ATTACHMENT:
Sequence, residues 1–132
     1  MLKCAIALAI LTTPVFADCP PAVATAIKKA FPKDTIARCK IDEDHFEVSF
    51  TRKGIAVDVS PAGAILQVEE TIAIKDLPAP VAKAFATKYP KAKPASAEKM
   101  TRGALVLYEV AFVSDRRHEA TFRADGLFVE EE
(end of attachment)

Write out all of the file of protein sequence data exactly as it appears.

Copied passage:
Sequence, residues 1–132
     1  MLKCAIALAI LTTPVFADCP PAVATAIKKA FPKDTIARCK IDEDHFEVSF
    51  TRKGIAVDVS PAGAILQVEE TIAIKDLPAP VAKAFATKYP KAKPASAEKM
   101  TRGALVLYEV AFVSDRRHEA TFRADGLFVE EE